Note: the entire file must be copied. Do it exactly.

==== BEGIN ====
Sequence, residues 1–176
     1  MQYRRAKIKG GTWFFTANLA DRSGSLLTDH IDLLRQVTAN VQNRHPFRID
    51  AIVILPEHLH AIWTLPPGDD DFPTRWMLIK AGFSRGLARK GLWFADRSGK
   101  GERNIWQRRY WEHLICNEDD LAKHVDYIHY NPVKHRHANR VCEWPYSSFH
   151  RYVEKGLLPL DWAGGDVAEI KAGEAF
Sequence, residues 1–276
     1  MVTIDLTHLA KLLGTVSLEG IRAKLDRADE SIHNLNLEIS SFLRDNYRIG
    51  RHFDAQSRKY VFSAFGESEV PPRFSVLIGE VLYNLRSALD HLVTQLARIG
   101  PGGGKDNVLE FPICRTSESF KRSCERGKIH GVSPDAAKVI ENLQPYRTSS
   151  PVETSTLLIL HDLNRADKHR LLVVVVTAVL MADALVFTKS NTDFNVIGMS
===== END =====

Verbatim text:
Sequence, residues 1–176
     1  MQYRRAKIKG GTWFFTANLA DRSGSLLTDH IDLLRQVTAN VQNRHPFRID
    51  AIVILPEHLH AIWTLPPGDD DFPTRWMLIK AGFSRGLARK GLWFADRSGK
   101  GERNIWQRRY WEHLICNEDD LAKHVDYIHY NPVKHRHANR VCEWPYSSFH
   151  RYVEKGLLPL DWAGGDVAEI KAGEAF
Sequence, residues 1–276
     1  MVTIDLTHLA KLLGTVSLEG IRAKLDRADE SIHNLNLEIS SFLRDNYRIG
    51  RHFDAQSRKY VFSAFGESEV PPRFSVLIGE VLYNLRSALD HLVTQLARIG
   101  PGGGKDNVLE FPICRTSESF KRSCERGKIH GVSPDAAKVI ENLQPYRTSS
   151  PVETSTLLIL HDLNRADKHR LLVVVVTAVL MADALVFTKS NTDFNVIGMS